Erika Stearly makes paintings of the spaces where people live. Inspired by vintage home remodeling magazines, real estate listings and friends’ houses, her paintings are documentary. They tell a story of everyday life.  

Using a combination of watercolor and acrylic paint, Stearly quickly sketches in the setting. Despite being loosely rendered, exaggerated and often brightly colored, the collection of domestic items depicted still manages to evoke the sense of a particular place. Stearly’s paintings are often titled by street address or named after the people who live there. The fluidity between abstraction and representation creates a unique feeling of nostalgia.

Her work has been featured in exhibitions around the country, including the Affordable Art Fair NYC, Superfine and a solo exhibition at the BoxHeart Gallery in Pittsburgh in the summer of 2023. Ms. Stearly lives and works in Pennsylvania.


Instagram: @erika_stearly  

Original Art by Erika Stearly

What initially compelled you to pursue art?

I’ve been making things for as long as I can remember, and it’s always brought me joy. I can’t imagine a life without a studio practice, and surrounded myself with people who respect that. Some of them understand the importance of art making because they are creative folks themselves, but other people recognize that I am a happier, more pleasant and fulfilled human being when I spend time in the studio.

Who or what in your life influences your practice the most?

When people say, “Oh, your work must be inspired by van Gogh,” I tend to explain that we don’t teach people the language for talking about art. Generally, people have a favorite band or a favorite type of music, but even I feel a bit put on the spot if you ask me to name my favorite painter. Van Gogh is an artist most people can name, and we both have a strong sense of mark making and color and depict scenes from everyday life—but I don’t wake up and paint every day because some guy made a bunch of paintings 150 years ago.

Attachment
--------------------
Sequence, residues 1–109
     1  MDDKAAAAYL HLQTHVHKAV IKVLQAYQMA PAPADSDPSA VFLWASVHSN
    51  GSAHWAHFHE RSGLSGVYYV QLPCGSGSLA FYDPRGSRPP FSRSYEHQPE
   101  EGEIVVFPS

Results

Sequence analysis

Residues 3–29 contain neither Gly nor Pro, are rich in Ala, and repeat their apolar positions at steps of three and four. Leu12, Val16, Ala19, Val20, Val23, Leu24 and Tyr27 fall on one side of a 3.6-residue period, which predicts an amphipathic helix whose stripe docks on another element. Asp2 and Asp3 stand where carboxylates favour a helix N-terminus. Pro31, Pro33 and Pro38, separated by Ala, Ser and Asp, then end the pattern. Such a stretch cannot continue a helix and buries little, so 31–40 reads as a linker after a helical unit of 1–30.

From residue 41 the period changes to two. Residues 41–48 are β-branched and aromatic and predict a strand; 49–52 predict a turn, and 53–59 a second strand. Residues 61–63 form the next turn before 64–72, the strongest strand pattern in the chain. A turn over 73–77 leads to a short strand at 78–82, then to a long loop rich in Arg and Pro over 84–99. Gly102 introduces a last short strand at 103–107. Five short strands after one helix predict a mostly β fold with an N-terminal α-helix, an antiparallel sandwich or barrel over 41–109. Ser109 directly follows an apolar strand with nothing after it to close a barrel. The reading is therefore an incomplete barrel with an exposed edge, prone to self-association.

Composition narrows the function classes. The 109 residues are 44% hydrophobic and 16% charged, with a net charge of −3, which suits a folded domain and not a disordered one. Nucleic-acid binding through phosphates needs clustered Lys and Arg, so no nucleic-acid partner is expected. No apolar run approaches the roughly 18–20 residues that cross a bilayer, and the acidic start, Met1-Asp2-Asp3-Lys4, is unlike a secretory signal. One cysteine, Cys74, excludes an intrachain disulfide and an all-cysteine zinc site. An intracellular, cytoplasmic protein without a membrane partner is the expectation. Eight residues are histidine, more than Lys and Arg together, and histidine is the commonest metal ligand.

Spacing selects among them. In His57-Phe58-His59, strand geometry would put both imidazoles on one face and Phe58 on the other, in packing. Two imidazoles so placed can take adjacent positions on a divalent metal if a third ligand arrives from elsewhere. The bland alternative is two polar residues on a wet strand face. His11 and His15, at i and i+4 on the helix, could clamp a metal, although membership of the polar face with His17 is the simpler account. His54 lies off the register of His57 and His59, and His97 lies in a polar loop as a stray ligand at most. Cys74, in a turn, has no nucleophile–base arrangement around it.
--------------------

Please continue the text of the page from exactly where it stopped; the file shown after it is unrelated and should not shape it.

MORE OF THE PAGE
In this particular era of life, daily life with a toddler has more of an impact on my studio practice than anything else. I make my paintings and run my business from my kitchen, so I have to be strategic about what tasks can be accomplished and when.

Original Art by Erika Stearly

What do you feel is the key concept that connects your works?

I consider myself to be a painter, rather than an artist, because the work reflects the traditions, philosophies and materials of the discipline of painting.  

Tell us about a moment that ultimately made you look at your art and/or practice differently.

Deciding to run my studio practice as a small business marked a huge turning point for me. Yes, I am an excellent painter, but I run a small business that specializes in selling paintings by Erika Stearly. I enjoy the challenge of developing new skills in support of my small business and have gained an unshakable confidence in myself. Rather than trying to squeeze my studio practice in around the margins, I have integrated life around the fact that I am a painter.

What does your art give you that nothing else can?

Joy! A sense of accomplishment. Enough art supplies to open a small business in art supply sales. Invitations to fancy cocktail parties. A social media following large enough to boggle the mind. Obscure knowledge about pigments and color theory. An annual bill with the post office that is my single largest expense year over year. Employees! A general idea off the top of my head of shipping costs to half a dozen countries. More money than any other career I’ve pursued. Connections with collectors and creatives from around the world.  

Original Art by Erika Stearly
Original Art by Erika Stearly